I know four kinds of people. Those who jump off cliffs, those who think about it for a few seconds and then walk off the cliff, those who need coaxing and those who need pushed. My children in some way, embody all of the above. There is a brown head who is hesistant, resistant. I know another head of brown who rarely even asks permission. I just see her thinking it over, then – she just does! Then there’s blondy. He needs a little encouragement, uncertain of the outcome, but will eventually if he really wants it bad enough. Finally, I know a tight curl who, well, he’s my cliff jumper.
And then there’s me. A few decades on the earth will teach you some things, like don’t run with a sharp objects, don’t step on wet rocks edging sharp drop offs (lived to tell this tale!), wear a hat on your head – it does keep in the heat, and eat a good breakfast because it is the most important meal of the day.
Then there are the things we don’t know because we have not lived them yet. We turn to our earthly parents for advice. They offer it, we listen, sometimes we do.
The risks, the cautions, the lessons learned, and the advice are all part of our growing up, our learning, our knowledge.
And then there’s the stuff that matters most of all. Things we know we can’t possibly predict, change, alter or forecast. The events that could change a life drastically or be the smallest step in a series. We ask God. Sometimes we listen, and sometimes we do. And sometimes we get to sit back and witness the unfolding of something beautiful.
“If you need wisdom – if you want to know what God wants you to do – ask him and he will gladly tell you,” says James 1:5.
Seems easy – just ask for wisdom. But there is something more we need to know. The pages of an old study spoke long before James:
“He will be the sure foundation for your times, a rich store of salvation and wisdom and knowledge; the fear of the LORD is the key to this treasure.” Isaiah 33:6
The fear of the LORD is our humility. But we get in the way, or rather our pride does. We go it alone, try to figure it out or worse, we run. When we place all worship and praise on him only, when we admit we have no idea what we are doing, when our true desire is to follow, follow, follow so closely our footprints align, he is our wisdom. He gives us his wisdom. And he does it gladly. He just wants us to ask.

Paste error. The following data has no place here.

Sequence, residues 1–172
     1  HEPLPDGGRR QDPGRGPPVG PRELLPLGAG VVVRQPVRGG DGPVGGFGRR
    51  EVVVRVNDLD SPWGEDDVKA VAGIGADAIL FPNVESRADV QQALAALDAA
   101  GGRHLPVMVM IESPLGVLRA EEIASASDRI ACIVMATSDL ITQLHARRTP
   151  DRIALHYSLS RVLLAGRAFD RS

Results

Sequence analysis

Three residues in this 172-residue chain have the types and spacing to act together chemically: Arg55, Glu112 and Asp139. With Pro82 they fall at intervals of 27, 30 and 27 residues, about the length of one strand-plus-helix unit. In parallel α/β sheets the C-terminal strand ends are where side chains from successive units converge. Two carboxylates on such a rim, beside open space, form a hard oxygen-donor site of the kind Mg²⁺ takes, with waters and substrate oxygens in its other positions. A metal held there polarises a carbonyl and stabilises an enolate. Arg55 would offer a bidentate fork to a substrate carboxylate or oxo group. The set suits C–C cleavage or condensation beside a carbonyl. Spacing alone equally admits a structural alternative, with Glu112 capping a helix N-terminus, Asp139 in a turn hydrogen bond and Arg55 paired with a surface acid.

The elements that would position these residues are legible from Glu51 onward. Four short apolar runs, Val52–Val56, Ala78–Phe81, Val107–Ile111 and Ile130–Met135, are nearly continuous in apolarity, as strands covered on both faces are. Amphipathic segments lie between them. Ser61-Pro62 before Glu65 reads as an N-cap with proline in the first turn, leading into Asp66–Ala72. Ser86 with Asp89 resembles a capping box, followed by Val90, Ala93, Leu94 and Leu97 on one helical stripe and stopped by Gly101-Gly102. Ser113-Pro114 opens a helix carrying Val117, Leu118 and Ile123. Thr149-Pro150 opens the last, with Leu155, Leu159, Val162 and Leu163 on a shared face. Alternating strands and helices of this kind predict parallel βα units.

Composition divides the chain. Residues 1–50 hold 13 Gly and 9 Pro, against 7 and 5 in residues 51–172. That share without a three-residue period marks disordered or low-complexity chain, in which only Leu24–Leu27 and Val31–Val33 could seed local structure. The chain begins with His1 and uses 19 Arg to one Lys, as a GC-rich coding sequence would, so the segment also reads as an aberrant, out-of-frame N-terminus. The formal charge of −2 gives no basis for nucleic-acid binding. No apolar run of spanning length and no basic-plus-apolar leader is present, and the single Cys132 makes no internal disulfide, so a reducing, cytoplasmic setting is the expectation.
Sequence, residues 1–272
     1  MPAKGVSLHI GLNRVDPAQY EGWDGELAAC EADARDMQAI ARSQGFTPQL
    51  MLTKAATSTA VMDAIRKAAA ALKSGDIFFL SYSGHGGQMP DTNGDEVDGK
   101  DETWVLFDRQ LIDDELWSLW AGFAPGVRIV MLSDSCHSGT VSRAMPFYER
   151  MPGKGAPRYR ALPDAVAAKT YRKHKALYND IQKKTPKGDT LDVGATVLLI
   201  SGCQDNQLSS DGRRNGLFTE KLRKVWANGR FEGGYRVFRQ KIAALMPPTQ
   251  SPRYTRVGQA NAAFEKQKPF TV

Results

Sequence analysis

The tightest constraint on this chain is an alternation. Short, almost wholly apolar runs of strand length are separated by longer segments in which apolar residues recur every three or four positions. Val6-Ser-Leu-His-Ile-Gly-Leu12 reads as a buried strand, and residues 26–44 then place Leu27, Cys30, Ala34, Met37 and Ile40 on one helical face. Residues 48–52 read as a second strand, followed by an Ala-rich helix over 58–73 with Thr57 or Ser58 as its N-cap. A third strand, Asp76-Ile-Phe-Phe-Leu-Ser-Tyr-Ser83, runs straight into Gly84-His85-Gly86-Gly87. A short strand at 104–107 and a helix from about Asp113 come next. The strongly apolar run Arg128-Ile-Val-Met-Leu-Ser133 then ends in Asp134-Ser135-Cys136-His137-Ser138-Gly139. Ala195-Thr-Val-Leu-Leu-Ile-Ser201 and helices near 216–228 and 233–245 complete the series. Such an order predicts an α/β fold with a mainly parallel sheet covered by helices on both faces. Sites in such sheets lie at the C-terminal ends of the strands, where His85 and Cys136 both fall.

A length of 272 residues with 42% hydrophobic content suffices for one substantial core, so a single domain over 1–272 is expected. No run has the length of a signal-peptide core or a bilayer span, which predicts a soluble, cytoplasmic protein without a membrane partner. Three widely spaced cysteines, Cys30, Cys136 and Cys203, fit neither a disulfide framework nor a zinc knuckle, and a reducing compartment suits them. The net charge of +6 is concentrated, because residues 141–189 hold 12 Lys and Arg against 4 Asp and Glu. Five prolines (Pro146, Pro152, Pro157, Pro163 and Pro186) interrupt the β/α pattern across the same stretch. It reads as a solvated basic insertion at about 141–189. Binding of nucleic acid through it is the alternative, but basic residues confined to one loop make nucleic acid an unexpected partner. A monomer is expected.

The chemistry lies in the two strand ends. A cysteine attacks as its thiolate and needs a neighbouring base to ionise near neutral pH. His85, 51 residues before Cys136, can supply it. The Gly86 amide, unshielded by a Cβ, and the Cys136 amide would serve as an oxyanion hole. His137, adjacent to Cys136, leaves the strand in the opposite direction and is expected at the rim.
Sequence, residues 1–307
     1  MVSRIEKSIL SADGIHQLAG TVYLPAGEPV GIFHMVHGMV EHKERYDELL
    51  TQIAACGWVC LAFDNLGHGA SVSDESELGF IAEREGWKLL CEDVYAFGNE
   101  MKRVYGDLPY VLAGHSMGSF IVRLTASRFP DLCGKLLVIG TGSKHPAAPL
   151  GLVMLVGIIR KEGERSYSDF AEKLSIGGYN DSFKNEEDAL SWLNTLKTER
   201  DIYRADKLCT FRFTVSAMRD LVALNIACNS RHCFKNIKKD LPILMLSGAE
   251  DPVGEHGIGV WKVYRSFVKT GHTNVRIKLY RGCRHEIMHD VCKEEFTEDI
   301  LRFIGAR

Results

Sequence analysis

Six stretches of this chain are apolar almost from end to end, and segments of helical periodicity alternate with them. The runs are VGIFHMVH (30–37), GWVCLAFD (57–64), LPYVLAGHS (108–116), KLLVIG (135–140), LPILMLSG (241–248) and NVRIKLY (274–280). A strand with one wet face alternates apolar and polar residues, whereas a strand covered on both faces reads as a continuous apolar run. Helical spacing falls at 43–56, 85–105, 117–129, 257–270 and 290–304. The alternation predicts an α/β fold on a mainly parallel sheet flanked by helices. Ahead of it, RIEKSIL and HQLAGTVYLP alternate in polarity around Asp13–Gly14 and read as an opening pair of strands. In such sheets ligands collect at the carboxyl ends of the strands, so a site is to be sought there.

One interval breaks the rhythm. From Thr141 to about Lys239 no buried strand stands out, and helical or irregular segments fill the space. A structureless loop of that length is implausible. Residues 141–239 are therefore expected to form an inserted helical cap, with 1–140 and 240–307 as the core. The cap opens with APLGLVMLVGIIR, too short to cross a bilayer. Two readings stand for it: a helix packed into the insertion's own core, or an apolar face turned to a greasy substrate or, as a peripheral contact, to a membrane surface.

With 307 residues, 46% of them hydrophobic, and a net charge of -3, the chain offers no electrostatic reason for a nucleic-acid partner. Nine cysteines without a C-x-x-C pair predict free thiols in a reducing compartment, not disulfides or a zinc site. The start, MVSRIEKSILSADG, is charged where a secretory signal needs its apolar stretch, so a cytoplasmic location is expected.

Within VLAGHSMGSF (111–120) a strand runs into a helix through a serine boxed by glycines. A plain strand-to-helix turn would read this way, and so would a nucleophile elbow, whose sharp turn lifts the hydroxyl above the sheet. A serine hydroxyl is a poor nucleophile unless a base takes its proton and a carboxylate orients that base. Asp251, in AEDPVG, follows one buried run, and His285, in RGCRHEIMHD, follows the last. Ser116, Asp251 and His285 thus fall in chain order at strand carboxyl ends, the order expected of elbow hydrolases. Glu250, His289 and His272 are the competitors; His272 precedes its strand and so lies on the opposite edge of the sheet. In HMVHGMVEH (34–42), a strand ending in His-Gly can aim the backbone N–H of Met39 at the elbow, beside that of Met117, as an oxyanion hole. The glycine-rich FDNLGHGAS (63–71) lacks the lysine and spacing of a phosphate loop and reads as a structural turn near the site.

The asking can be difficult, but it must be geniune. When we ask, we must do it with supreme confidence that God will answer (by the way, a great rule to follow in all prayer). James goes on to say if we doubt God will give it, we shouldn’t expect to get anything from Him. This is something else a few decades will teach you – if God says He will, then He will. I rest in this promise, proven time and again.
We ask for wisdom over circumstance, raising children, and all sorts of relationships. We ask for wisdom to know when it’s time to push through or sit a while, and in times when all we want is to be obedient.
And in those moments when we realize our own problems are sometimes very small, we think to ask God for wisdom to understand who He is, to really lean into Him, His name, His character, His love, and that’s where it is. That’s the wisdom we long to know. It is what sustains, trains, shares and loves. The very knowing that he has so much to tell me, so much to teach me, so much to share with me, so much to love over me, is enough to ask with confident humiilty and wait for his gladness in the asking, to pour over his glorious wisdom.